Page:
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Cell signalling pathways and networks are complex and often non-linear. Signalling pathways can be represented as systems of biochemical reactions that can be modelled using differential equations. Computational modelling of cell signalling pathways is emerging as a tool that facilitates mechanistic understanding of complex biological systems. Mathematical models are also used to generate predictions that may be tested experimentally. In the present chapter, the various steps involved in building models of cell signalling pathways are discussed. Depending on the nature of the process being modelled and the scale of the model, different mathematical formulations, ranging from stochastic representations to ordinary and partial differential equations are discussed. This is followed by a brief summary of some recent modelling successes and the state of future models.
The perception of mathematical modelling in cell biology is changing from a theoretical exercise of limited interest to a tool facilitating mechanistic understanding of complex phenomena and better experimental design. As a result, there has been an enhanced incorporation of mathematical modelling in the study of many complex biological processes. A major goal of modelling biological systems is to be able to provide a mechanistic explanation of the underlying processes. More often, models are built to predict behaviours that may be hard to understand because of the multiple variables involved. These predictions can then be tested by experiments and the model can be refined. Modelling is thus an ongoing exercise of analysis and experimental validation, incorporating new biological data as they become available.
Modelling is particularly useful in analysing information flow through cell signalling networks. Cellular signalling pathways regulate the programmes for various cellular functions that change in response to a stimulus. These functions arise from the underlying biochemical reactions and, therefore, lend themselves to quantitative modelling. Modelling of these networks and pathways allows us to organize existing knowledge and explore the signalling pathways for emergent properties.
One of the key features of cell signalling networks is the non-linearity arising from the presence of regulatory loops and branches in the signalling network. This non-linearity makes it challenging to understand and predict responses to a single stimulus; predicting responses is harder still for multiple stimuli, which is the norm in real biological systems. Developing mathematical models for these complex networks allows us to express these non-linearities in the equations that constitute the computational models and explore the models systematically.
Computational models of signalling networks serve two purposes: organization and validation of known experimental data, and prediction of system behaviour that is not intuitive from prior experiments. Predictions made from the numerical simulations can be experimentally verified or nullified and the model can be improved by an iterative process of models→experiments→models. Thus modelling serves as a tool for obtaining systems level understanding of the underlying biological processes.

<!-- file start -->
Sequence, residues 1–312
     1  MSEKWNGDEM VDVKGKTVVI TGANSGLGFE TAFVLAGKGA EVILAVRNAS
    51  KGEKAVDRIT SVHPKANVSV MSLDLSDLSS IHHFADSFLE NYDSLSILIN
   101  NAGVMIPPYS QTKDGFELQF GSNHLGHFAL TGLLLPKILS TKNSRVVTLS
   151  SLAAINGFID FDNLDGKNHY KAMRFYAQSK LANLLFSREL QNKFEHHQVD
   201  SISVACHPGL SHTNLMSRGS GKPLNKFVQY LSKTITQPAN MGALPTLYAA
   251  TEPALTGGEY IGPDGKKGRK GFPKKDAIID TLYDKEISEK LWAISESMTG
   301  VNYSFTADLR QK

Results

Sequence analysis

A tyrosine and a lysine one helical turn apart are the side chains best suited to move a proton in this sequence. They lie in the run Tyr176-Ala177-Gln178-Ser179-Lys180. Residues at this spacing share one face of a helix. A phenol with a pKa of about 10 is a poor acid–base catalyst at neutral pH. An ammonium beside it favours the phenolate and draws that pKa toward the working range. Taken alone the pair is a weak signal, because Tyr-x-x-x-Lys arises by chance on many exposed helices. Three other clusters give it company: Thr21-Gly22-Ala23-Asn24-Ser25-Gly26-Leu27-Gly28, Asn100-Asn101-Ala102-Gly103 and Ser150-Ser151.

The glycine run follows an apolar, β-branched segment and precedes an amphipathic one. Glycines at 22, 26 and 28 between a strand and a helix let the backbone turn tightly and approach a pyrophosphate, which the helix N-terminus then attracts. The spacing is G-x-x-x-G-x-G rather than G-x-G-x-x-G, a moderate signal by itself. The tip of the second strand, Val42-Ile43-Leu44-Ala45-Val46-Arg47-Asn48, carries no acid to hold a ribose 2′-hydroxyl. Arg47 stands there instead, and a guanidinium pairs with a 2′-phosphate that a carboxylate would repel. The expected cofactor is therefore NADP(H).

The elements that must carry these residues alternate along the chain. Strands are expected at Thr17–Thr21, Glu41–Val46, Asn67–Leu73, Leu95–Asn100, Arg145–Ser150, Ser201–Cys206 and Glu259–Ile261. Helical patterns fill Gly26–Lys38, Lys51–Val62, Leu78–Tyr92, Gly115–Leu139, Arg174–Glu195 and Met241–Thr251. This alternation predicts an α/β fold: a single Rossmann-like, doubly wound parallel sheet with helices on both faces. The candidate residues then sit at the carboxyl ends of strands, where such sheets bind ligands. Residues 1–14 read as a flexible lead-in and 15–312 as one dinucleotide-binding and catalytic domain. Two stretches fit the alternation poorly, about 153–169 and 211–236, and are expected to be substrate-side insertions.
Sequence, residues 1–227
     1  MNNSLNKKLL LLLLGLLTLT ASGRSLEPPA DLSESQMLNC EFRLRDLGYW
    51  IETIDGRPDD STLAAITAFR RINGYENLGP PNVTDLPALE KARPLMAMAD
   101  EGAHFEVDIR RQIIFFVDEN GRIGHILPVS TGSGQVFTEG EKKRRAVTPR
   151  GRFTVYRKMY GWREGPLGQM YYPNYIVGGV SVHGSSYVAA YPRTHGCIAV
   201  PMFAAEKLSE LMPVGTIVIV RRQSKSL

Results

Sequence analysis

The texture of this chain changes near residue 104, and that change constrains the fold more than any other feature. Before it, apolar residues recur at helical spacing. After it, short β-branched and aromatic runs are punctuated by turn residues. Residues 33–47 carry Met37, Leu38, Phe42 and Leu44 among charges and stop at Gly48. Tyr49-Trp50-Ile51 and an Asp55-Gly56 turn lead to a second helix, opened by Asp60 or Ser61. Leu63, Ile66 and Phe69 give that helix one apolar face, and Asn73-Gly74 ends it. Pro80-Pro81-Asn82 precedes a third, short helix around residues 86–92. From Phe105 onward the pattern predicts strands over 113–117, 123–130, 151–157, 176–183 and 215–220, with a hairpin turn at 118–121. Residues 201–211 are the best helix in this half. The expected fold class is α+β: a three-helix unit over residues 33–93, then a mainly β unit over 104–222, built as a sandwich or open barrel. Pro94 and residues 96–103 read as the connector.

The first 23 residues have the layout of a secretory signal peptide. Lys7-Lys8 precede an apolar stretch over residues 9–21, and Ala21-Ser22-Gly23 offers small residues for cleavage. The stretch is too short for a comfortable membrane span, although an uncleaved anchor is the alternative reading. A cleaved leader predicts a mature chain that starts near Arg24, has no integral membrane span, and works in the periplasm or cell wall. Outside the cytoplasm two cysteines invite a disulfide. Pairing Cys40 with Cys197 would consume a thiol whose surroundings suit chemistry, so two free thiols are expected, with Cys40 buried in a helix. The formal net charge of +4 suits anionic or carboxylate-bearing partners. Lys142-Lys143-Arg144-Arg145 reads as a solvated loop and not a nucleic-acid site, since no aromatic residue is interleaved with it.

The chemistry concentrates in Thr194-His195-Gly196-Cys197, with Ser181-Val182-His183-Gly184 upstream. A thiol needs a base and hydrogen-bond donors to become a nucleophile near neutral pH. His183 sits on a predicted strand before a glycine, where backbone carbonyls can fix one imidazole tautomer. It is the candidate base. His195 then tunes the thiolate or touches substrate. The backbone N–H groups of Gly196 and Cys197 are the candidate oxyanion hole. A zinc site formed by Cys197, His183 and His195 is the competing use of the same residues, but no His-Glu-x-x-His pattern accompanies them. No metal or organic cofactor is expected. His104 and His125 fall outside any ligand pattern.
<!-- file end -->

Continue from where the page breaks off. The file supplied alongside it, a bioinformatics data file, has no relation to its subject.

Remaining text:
The complexity of biological systems is well-known. Increasing the number of components and the non-linear interactions between them leads to increasing system complexity . This complexity is reflected in the number of interacting species, the number of interactions between them and the parameters involved. One purpose of computational models is to identify behaviours that may not be evident from the experimental data. The number of possible interactions increases combinatorially with the number of components. Assuming each reaction requires at least two parameters (forward and backward rate for mass-action relationships, and kcat and Km for enzymatic relationships), we have at least twice as many kinetic parameters as we have reactions. In addition, we also need the initial concentrations of the components in the system. The heterogeneity and complexity of biological systems makes development of models challenging, but it is this complexity that also makes modelling necessary. Using models it is possible to explain what is happening at different time scales to different modules and components of a network.
Model construction for signalling networks begins with a wiring diagram that shows the interactions between the system components. The wiring diagram can be translated into a series of coupled biochemical reactions and a system of differential equations (Figure 1). Since we generally model a specific signalling pathway, it becomes necessary to identify the boundaries of the system. Typically, a model for a signalling pathway might begin at the receptor and end at an effector enzyme, transcription factor or channel whose activity is altered by the receptor signal. Such a system can be described by a set of coupled ODEs (ordinary differential equations). In contrast, a network that describes how cell-surface adhesion molecules regulates the actin cytoskeleton requires a nuanced approach. Here, if the focus of the pathway is the remodelling of the actin cytoskeleton, we can model this process in at least two ways: as a biochemical reaction model of coupled ODEs where the signalling interactions from the receptor to the downstream effectors are involved or as a stochastic model where the change in the actin cytoskeleton is described by actin remodelling biochemical reactions (branching, capping, polymerization etc.). The actin remodelling reactions have been considered at various levels of detail [2–4] and, based on the type of information sought, involve different levels of modelling complexity and abstractions. These models range from Brownian ratchet studies of single reactions, such as polymer elongation, to spatio–temporal models of multiple actin remodelling reactions. Therefore the user has to identify and define boundaries of the system to be modelled.